Often, it can seem as if we feel compelled to make the predictions we make (either in economics or in our daily lives). Even when we have little to no information, or when that information is shaky, we predict. In The Signal and the Noise, Nate Silver highlights the evolutionary motivations behind our incessant need to make predictions:
Human beings do not have very many natural defenses. We are not all that fast, and we are not all that strong. We do not have claws or fangs or body armor. We cannot spit venom. We cannot camouflage ourselves. And we cannot fly. Instead, we survive by means of our wits. Our minds are quick. We are wired to detect patterns and respond to opportunities and threats without much hesitation.
‘This need of finding patterns, humans have this more than other animals,’ I was told by Tomaso Poggio, an MIT neuroscientist who studies how our brains process information. ‘Recognizing objects in difficult situations means generalizing. A newborn baby can recognize the basic pattern of a face. It has been learned by evolution, not by the individual.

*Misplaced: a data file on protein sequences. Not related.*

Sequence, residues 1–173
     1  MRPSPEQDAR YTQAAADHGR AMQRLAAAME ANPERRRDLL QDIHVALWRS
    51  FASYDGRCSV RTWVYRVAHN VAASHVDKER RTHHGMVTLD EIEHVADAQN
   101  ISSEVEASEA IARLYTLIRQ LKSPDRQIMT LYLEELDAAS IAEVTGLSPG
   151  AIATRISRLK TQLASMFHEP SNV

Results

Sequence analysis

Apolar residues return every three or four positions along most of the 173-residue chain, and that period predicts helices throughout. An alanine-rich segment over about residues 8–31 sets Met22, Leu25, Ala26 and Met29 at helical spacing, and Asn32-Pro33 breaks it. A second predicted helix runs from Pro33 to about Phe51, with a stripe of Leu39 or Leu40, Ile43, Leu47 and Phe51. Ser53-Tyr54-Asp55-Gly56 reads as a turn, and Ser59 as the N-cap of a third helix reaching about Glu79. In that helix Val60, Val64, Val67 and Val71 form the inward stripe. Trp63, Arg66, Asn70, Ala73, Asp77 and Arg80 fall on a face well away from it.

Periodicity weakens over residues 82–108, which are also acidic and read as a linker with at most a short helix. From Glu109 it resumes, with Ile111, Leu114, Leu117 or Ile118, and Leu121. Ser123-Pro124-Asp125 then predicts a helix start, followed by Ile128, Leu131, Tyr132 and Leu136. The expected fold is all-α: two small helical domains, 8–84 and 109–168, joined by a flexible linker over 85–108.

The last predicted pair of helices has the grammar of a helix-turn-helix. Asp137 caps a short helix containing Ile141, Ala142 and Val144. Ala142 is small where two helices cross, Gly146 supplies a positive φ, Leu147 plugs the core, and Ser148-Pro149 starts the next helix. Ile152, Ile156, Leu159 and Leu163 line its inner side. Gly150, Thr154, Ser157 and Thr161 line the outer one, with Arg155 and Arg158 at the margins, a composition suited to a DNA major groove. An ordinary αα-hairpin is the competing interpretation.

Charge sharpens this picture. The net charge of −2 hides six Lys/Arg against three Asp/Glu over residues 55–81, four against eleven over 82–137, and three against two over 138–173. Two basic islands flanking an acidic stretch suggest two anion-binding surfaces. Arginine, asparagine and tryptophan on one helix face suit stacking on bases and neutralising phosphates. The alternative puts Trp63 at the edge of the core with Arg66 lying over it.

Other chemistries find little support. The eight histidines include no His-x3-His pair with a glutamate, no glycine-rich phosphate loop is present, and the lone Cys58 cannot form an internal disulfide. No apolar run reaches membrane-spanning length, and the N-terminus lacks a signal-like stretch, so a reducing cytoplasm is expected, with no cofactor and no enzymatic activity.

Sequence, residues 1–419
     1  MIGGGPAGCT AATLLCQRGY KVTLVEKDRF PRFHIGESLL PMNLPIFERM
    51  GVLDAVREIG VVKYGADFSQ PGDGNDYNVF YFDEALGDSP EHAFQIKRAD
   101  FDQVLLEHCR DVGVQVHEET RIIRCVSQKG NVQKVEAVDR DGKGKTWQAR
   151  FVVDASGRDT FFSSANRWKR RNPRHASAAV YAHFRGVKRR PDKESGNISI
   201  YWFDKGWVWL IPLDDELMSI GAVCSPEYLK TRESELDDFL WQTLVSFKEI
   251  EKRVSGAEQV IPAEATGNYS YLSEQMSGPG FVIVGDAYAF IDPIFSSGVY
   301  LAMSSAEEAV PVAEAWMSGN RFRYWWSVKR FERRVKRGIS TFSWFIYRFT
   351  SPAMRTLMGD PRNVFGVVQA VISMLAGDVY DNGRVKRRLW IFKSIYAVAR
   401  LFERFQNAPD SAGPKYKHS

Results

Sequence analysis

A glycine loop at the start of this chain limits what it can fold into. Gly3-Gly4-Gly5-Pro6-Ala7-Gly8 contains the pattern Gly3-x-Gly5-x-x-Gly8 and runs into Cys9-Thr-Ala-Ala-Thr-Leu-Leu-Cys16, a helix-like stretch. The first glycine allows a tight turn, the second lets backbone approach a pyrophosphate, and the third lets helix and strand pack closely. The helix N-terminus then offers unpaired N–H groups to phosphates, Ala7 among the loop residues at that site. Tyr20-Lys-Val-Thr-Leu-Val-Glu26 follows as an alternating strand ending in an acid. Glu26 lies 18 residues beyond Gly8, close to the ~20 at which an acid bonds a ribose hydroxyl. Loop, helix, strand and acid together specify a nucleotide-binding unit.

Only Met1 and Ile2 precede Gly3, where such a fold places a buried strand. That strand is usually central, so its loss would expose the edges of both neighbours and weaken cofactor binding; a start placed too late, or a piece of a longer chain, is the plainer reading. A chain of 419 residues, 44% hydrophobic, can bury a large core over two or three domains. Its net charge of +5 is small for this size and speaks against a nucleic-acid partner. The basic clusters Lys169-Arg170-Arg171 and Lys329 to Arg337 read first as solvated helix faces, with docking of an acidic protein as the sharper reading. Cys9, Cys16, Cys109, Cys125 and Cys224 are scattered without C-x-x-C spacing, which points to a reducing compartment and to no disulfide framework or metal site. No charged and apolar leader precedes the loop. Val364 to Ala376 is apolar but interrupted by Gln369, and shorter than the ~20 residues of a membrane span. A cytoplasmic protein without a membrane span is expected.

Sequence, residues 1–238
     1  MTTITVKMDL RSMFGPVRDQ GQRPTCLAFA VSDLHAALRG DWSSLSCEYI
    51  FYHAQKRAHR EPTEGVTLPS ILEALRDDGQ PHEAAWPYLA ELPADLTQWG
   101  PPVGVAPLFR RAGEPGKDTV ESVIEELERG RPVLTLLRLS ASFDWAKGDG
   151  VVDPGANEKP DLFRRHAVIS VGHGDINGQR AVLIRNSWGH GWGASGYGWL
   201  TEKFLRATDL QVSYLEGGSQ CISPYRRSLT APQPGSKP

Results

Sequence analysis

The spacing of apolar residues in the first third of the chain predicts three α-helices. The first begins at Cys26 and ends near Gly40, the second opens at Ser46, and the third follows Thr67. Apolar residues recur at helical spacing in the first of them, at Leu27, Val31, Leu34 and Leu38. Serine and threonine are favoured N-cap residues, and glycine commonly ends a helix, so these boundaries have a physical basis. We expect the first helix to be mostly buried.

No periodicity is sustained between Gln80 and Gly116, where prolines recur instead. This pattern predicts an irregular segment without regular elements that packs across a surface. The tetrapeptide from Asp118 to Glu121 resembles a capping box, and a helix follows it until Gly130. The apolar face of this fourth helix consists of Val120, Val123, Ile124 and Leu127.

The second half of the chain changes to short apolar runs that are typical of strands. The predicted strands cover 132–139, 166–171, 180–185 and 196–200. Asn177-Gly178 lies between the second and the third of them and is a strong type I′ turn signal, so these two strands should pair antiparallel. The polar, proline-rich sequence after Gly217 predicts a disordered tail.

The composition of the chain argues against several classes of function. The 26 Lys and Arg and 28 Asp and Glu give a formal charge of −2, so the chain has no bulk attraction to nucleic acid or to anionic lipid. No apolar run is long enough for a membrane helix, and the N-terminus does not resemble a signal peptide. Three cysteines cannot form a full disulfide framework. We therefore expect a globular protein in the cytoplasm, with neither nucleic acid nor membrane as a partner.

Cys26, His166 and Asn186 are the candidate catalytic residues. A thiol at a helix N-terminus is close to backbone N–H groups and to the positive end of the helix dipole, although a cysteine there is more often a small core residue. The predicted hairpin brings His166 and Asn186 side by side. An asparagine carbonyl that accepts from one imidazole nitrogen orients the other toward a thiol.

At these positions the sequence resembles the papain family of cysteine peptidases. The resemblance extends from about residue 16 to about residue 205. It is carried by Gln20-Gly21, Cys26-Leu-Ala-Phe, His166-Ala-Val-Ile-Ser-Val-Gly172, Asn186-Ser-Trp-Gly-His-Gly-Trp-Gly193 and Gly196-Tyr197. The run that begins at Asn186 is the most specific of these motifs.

The problem, Poggio says, is that these evolutionary instincts sometimes lead us to see patterns where there are none there. ‘People have been doing that all the time,’ Poggio said. ‘Finding patterns in random noise.’
It is natural to attempt to detect patterns in the universe – it is a survival mechanism. But, as the universe and its information systems have grown more complex, often those predictions are inaccurate:
Alvin Toffler, writing in the book Future Shock in 1970, predicted some of the consequences of what he called ‘information overload.’ He thought our defense mechanism would be to simplify the world in ways that confirmed our biases, even as the world itself was growing more diverse and more complex.
Our biological instincts are not always very well adapted to the information-rich modern world. Unless we work actively to become aware of the biases we introduce, the returns to additional information may be minimal – or diminishing.